I was listening to the tail end of The Vinyl Café a couple of weeks ago, and the last song was a rather haunting piece for solo violin. It stayed with me for a few days, and I eventually felt compelled to look it up on the CBC website.
This led me to a pretty interesting recording. A Canadian fiddler named Oliver Schroer walked the Camino de Santiago, a 1,200 km pilgrimage trail that winds through Spain and France. During his two month journey, he would stop at churches and record himself playing fantasia-like pieces that were inspired by his experiences on the trail. You can check out a couple of short samples by clicking here and here.
His CD Camino consists of a number of those improvisations, with short snippets of ambient sounds from his walk in between – church bells, footsteps, children playing, etc. Normally I’d find this kind of thing tacky, but in the context of his journey I think it works. Naturally I couldn’t find a copy in the local record stores, but thanks to the miracle of iTunes I had a copy in five minutes.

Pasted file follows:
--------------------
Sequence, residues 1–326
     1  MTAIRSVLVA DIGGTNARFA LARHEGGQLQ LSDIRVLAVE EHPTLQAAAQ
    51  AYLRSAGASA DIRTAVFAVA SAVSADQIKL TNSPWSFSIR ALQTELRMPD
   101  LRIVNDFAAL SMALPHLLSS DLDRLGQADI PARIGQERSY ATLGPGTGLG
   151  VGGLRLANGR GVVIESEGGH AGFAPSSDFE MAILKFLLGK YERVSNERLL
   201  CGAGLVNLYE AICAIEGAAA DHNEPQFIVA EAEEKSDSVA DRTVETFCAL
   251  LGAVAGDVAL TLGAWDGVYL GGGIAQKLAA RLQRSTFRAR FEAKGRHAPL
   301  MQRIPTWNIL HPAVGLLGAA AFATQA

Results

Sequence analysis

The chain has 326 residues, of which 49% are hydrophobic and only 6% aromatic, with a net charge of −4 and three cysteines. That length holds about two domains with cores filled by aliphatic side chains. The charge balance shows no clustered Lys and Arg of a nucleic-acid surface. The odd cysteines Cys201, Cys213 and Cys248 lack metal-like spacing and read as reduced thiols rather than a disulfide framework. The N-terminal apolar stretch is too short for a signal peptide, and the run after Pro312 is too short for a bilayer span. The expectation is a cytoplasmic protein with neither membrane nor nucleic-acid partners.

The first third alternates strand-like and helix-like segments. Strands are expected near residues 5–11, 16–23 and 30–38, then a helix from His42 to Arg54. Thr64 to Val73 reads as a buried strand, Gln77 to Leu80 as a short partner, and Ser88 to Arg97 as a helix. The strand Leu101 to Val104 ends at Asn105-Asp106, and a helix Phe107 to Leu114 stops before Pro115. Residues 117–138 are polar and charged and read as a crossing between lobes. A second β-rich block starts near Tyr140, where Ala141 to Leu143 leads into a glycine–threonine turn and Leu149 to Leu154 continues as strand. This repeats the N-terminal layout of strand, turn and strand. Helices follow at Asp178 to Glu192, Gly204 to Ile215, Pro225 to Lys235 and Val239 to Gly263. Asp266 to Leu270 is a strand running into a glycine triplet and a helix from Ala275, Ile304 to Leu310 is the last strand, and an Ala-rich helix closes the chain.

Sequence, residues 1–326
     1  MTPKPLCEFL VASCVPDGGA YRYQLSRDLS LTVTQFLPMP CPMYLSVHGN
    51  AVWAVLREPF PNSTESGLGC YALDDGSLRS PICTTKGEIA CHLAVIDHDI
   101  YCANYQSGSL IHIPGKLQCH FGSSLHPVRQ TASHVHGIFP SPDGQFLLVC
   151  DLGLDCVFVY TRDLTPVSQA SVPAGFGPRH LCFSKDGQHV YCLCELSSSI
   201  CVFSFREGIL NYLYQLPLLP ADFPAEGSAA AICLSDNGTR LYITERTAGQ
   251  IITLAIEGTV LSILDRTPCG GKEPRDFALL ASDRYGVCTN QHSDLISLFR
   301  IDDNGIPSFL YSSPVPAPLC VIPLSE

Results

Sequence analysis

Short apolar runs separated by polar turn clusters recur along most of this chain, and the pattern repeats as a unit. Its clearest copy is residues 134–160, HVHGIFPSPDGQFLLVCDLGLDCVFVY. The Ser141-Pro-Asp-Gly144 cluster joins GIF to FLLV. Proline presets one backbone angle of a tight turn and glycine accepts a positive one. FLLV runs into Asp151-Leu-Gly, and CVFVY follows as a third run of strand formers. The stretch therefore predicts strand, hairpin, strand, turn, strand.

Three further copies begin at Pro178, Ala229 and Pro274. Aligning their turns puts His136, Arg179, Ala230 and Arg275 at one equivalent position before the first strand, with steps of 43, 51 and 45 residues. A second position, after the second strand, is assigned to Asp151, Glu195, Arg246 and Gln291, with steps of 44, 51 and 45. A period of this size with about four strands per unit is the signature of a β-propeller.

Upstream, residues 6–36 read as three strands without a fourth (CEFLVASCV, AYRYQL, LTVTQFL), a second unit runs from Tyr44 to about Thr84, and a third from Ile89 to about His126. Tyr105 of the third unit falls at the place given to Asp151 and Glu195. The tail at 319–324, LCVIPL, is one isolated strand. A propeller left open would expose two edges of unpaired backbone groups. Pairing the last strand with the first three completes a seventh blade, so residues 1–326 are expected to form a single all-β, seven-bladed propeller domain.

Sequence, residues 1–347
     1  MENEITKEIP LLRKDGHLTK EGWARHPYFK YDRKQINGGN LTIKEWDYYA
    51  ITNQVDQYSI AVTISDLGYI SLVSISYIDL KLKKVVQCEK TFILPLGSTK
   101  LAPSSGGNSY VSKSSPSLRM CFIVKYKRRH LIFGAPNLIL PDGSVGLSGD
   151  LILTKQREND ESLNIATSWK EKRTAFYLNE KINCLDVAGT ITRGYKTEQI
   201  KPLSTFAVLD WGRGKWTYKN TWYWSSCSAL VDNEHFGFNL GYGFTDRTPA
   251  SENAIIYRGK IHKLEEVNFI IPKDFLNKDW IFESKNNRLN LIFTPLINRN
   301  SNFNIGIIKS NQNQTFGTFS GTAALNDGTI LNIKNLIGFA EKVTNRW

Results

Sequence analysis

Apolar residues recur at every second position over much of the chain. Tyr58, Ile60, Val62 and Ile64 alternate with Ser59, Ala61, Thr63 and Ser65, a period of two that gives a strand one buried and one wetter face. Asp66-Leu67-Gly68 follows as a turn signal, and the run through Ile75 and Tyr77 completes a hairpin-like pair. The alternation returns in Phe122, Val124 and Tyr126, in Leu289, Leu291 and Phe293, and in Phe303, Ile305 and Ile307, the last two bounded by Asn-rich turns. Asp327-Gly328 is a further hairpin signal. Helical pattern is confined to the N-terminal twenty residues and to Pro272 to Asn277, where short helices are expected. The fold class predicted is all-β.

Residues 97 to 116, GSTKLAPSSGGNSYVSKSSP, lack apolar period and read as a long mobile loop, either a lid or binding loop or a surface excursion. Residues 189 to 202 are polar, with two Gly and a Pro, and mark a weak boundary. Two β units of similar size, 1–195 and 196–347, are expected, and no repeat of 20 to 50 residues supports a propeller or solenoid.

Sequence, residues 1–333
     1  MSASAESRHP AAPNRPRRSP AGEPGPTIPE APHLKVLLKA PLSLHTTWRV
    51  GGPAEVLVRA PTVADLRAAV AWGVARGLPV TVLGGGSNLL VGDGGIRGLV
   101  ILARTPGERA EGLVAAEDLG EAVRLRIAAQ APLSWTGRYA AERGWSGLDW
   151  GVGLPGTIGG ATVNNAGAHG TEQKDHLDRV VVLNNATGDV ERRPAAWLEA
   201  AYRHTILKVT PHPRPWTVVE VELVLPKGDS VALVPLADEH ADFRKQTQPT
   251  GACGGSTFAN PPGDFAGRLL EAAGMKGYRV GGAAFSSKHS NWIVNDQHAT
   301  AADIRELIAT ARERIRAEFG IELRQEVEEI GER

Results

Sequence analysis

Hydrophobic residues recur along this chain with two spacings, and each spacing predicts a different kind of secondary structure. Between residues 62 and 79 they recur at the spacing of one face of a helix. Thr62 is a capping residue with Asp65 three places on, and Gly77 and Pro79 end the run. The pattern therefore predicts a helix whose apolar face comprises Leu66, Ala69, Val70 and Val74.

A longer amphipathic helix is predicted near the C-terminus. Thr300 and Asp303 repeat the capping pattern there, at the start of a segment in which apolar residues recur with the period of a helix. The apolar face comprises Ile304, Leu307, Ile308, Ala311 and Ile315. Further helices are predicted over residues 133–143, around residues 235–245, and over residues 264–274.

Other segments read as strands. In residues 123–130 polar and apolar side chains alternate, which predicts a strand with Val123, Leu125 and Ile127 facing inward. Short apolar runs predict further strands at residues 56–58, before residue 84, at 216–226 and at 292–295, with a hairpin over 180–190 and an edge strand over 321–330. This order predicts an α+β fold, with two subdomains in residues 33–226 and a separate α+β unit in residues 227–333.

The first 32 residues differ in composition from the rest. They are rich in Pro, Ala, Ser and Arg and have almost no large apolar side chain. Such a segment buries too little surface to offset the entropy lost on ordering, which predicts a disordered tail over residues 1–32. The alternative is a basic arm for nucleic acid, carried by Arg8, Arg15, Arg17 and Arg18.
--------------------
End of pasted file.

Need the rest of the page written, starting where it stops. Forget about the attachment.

Oliver turns out to be an interesting guy. He’s played with tons of great Canadian musicians – everyone from Great Big Sea and Spirit of the West to Trichy Sankaran and Bob Becker. He’s an educator, too – in recent years he’s been working with young fiddlers in a couple of small towns in BC on a project he called The Twisted String.
Unfortunately, Oliver is currently undergoing his fourth round of chemotherapy in a battle against leukemia. I hope he makes it – we need more musicians like him around.